So this morning I propose that we all find better and more numerous ways to remind each other about God, the God who became man and who loved us enough to send His Son. The God who died for us, the Christ who is to be clearly pictured as crucified before our eyes. Let us create pictures of the glory and work of God and pictures of His Son and His saints – real pictures, living icons. But let us also create more vivid pictures – the lives that we lead among each other, as we eat our bread gladly from house to house, sharing our lives with each other, having our lives in common in true community. Let us constantly be talking to one another in spiritual songs and hymns about God and what He has done for us and therefore who we are.
When Paul says that Christ was clearly portrayed “among you,” I think that part of what this means is that Christ is most clearly portrayed when He is portrayed among us, together, and not each by himself, wandering and forgetful and distorted.
Let’s find all the ways we can every day to remind each other about God and what He desires for us and from us. Let’s paint vivid pictures of the Christ who was born and died and resurrected and ascended for us, and let’s share them with each other.
And let’s each find as many ways today as possible to keep Jesus Christ before us, before our eyes, lodged in our neurons, working in our fingers, tingling in our ears. When you have that odd moment in the day and you reach to play the next game of Free Cell or daydream or worry or however you fill those interstices of black space that form the background of our inner galaxies – next time, imagine Jesus Christ before you.
One way I’ve developed (I’ve probably mentioned it before) is to keep little tick marks on my daily planner. My goal is to turn, however briefly, to God before every activity I do, no matter how small. I’m not really very good at it, but at least I’ve begun. “Protect me, Lord, as I drive this morning.” “Thank you God for coffee.” “Thank you, God, for a moment’s rest.” “Bless my conversation with my son, Lord.” It’s something that motivates me, to see the little tick marks become a group of 5 and, if I’m blessed that day, become 10 or more.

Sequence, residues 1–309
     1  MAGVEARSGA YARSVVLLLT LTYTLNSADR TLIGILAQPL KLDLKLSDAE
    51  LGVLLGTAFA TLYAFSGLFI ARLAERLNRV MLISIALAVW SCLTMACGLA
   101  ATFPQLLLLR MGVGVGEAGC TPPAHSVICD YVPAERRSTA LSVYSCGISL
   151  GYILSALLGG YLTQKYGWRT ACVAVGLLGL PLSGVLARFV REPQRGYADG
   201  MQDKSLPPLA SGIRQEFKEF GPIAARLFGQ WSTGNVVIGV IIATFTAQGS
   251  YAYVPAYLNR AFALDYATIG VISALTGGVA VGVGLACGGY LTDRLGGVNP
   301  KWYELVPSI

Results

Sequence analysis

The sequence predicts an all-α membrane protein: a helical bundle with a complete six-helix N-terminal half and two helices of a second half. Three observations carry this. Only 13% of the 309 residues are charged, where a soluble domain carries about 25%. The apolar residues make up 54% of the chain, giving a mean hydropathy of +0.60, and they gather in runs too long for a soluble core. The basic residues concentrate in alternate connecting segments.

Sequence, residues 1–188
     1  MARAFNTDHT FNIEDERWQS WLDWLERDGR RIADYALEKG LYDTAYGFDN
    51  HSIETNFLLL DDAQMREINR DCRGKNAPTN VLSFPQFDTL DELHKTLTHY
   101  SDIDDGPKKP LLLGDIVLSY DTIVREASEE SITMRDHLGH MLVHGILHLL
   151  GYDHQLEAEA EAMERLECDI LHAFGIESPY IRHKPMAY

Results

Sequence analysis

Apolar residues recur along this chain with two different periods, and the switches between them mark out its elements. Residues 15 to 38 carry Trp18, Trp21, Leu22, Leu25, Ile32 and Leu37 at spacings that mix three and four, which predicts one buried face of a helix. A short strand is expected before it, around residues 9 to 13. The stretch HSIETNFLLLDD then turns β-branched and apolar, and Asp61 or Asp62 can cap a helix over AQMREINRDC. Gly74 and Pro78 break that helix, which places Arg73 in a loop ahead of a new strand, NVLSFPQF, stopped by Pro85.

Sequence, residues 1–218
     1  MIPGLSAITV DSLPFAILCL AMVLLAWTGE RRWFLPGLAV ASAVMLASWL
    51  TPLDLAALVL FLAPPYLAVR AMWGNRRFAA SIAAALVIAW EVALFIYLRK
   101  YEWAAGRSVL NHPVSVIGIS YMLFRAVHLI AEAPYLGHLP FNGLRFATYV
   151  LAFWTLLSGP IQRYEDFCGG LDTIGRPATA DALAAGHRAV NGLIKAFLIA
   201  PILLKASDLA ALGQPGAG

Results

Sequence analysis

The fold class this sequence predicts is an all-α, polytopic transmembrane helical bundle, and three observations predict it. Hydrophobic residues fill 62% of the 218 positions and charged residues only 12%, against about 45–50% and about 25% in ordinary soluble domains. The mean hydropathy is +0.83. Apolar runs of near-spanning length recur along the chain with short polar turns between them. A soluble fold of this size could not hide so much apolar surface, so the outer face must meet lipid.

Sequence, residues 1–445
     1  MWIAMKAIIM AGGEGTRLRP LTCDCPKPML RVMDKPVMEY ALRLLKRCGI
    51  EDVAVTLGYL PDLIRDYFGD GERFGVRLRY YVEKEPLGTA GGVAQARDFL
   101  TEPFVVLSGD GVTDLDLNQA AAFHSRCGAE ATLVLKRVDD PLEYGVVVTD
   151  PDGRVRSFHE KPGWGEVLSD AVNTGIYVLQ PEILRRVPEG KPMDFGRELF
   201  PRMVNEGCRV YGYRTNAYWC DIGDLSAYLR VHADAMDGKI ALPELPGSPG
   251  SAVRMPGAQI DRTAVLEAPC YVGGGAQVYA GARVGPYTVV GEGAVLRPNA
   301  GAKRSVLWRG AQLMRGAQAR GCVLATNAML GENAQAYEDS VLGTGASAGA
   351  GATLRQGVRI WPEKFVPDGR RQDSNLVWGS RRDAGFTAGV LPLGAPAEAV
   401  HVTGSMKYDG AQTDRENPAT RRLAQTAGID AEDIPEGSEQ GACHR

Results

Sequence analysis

Whatever it takes, however we do it: let’s make sure we find ways to make sure that Jesus Christ is clearly portrayed in each other’s lives today.
Prayer: Father, I pray that You would send Your Son before my face today that I might better see You through Him. Help me to look for Your presence today and to share You with others. Increase my faith and unbewitch my eyes that I might see You once again. Amen.
Point for Meditation:
- What would be the best way for you to remember to portray Christ before you every moment of every day? You may want to find a partner to help you do this, as you help them.
- Make a list of the various ways that Jesus Christ may potentially come to you, so that you are more ready to receive Him.
Resolution: Whatever it takes, however you do it, make sure to find one way to make sure that Jesus Christ is clearly portrayed in your life and in the life of another person today.
Tally Marks – U.S. Public Domain